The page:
Colleen Walker wouldn't let go of her little golden trophy. Not now, not after all her prize had cost her. Walker had just wrapped up the du Maurier Classic, this season's final LPGA major championship, and it was a moment to cherish. One of the tour's keynote players from 1987 to '92, when she won seven times, Walker had almost vanished in the five years since, owing to injuries, nerves and the birth of her first child. On Sunday she flashed again, shooting a shiny 65 to outflank a crowded leader board and win her first major. Now here she was, exhausted but glowing in the twilight behind the 18th green of Glen Abbey Golf Course in suburban Toronto, smiling down at the trophy in her arms. Ten-month-old Tyler Walker Bakich, a blond cube for whom his mom had forsaken nearly two years of her career, smiled right back. "Five years and one baby later, I finally did it," Walker said, never breaking eye contact with her cherub. "It was all worthwhile. I love him, but I love my golf, too."
With that, Walker slid Tyler to her husband, Ron Bakich, and skipped onto the green for the victor's ceremony, during which she laid her hands on some serious crystal and the $180,000 that came with it. Walker's victory was as much a story about the uneasy marriage of motherhood and top-flight golf as it was about her eight-birdie, no-bogey final round, which tied the course record, made up four strokes on the third-round leader, Kelly Robbins, and leapfrogged Walker over nine players. "It's been a wild roller-coaster ride," her husband said while slipping Cheerios to Tyler. He was talking about more than just the events of Sunday.
Walker's triumph against the odds fit neatly into the overarching theme of the week, for the 25th du Maurier was a rousing success despite the fact that the tournament has a life expectancy roughly as long as Joe Camel's. In March the House of Commons of Canada passed Bill C-71, a piece of legislation that seeks to curtail the tobacco industry's presence in the lives of Canadians. To no one's surprise, Big Tobacco has fought back, and the courts will sort things out in the fall. As it stands now, C-71, which is also known as the Tobacco Act, will be phased in starting on Oct. 1, 1998, and it threatens to divorce the deep pockets of the tobacco companies (like du Maurier, which is a subsidiary of Imperial Tobacco) from professional sports in Canada. Under the terms of C-71, tobacco conglomerates "may display a tobacco product-related band element only within the bottom ten per cent of the display surface of any promotional material." That, says LPGA commissioner, Jim Ritts, is "so restrictive that there is no incentive for companies to continue their sponsorship. From a practical, economic standpoint, this legislation severs all ties."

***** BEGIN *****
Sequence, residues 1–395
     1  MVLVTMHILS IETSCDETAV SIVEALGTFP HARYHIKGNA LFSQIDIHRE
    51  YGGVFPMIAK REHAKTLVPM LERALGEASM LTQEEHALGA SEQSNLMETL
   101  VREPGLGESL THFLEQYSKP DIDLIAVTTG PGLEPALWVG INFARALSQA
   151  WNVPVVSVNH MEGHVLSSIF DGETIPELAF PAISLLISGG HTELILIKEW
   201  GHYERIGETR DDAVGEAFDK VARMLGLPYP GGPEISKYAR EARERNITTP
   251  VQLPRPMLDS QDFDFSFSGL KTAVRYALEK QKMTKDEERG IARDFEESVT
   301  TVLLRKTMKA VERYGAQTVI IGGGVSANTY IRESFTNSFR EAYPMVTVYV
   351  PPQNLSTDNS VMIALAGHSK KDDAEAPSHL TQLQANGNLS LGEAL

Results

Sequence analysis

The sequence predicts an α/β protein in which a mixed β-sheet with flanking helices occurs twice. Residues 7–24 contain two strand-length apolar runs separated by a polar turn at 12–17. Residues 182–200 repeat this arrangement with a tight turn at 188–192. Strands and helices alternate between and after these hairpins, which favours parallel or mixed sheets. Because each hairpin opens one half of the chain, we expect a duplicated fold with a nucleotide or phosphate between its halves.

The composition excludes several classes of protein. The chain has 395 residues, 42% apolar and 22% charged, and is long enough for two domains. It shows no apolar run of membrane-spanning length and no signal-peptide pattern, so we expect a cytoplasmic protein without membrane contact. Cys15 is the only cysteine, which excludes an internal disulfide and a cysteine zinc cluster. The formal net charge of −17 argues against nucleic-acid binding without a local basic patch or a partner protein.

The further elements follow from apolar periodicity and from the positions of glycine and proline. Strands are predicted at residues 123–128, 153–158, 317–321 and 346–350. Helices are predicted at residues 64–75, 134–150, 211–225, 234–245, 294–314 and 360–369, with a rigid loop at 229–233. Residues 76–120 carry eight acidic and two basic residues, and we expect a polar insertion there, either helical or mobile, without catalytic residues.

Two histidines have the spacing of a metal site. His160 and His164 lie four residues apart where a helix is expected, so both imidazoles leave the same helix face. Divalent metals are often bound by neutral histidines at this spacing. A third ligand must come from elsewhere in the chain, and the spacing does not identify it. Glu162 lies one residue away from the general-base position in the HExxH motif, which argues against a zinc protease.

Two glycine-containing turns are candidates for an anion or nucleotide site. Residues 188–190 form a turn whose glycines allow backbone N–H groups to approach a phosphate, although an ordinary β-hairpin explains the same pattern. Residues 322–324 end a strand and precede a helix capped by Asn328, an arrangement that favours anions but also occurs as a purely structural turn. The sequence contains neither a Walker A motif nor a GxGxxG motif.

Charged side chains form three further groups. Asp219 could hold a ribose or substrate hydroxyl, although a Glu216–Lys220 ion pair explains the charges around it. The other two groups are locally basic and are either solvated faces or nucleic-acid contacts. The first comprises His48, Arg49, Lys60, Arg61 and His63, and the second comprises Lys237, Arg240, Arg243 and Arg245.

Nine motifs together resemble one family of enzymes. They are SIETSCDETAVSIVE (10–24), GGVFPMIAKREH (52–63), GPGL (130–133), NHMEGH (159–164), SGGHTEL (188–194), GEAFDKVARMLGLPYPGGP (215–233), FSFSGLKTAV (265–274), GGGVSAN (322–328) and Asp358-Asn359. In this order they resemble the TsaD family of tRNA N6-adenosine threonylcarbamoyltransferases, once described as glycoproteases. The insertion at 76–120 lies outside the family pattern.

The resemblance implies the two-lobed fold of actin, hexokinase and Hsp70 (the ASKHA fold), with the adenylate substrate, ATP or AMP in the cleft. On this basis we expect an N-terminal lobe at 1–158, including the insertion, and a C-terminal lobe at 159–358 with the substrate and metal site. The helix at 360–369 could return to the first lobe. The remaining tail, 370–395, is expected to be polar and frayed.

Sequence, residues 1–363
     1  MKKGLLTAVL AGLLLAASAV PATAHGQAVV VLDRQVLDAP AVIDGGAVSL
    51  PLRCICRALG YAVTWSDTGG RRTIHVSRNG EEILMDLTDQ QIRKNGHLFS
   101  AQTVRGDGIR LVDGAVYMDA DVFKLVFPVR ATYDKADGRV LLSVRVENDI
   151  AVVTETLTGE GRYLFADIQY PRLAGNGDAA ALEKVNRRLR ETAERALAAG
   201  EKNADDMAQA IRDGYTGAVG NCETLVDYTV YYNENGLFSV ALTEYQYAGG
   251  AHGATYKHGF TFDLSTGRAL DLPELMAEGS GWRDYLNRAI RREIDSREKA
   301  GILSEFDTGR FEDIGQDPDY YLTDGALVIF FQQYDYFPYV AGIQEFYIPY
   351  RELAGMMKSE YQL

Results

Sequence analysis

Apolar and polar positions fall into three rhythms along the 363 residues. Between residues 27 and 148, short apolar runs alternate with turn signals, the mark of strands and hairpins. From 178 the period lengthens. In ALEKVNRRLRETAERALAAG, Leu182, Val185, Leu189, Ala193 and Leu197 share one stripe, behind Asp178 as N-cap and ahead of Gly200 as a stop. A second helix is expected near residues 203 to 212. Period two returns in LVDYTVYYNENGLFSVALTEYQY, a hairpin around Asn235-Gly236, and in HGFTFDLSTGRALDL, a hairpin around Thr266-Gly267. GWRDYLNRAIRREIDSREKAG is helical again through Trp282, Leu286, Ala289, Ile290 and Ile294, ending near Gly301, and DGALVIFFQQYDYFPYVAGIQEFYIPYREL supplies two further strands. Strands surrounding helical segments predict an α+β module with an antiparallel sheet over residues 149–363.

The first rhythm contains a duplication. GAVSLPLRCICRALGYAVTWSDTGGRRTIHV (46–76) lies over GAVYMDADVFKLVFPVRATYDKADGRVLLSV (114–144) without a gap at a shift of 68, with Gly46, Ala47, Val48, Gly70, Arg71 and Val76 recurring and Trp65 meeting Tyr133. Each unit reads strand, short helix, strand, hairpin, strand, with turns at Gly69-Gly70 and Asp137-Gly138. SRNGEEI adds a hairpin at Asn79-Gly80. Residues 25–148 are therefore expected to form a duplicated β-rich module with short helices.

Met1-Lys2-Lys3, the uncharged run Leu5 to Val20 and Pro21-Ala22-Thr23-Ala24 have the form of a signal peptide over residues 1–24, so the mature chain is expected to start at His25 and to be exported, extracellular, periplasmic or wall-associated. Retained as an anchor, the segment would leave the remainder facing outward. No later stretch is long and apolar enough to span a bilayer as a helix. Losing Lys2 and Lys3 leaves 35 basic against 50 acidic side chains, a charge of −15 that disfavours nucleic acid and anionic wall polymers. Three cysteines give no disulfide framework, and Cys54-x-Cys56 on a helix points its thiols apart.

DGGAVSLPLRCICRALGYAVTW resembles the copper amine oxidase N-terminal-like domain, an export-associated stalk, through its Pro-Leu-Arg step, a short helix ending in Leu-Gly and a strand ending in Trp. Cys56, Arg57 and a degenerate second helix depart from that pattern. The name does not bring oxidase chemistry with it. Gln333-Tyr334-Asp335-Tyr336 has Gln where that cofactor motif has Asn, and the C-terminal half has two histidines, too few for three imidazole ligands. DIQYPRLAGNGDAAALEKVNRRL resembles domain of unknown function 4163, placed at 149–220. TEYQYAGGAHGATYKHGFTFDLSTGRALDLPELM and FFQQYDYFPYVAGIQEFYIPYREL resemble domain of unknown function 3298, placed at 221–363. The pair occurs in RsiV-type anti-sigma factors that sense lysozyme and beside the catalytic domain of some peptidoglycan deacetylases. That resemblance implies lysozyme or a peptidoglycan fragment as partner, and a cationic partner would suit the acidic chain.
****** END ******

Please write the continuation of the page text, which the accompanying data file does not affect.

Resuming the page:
Losing du Maurier could well mean the end of the LPGA's fourth major as we know it. According to Don Brown, chairman of Imperial Tobacco Limited, his company commits "ballpark $4 million" to the tournament, including the $1.2 million purse, which is exceeded on the LPGA tour only by that of the U.S. Open. Many, if not most, of Canada's nonteam sporting events owe their financial underpinning to tobacco money, and come the fall of '98, who's going to pick up the slack is anyone's guess. "All the people are going to be out on the street at the same time looking for sponsorship money, and there's not a lot out there," says Brown. "Not at the level we play in."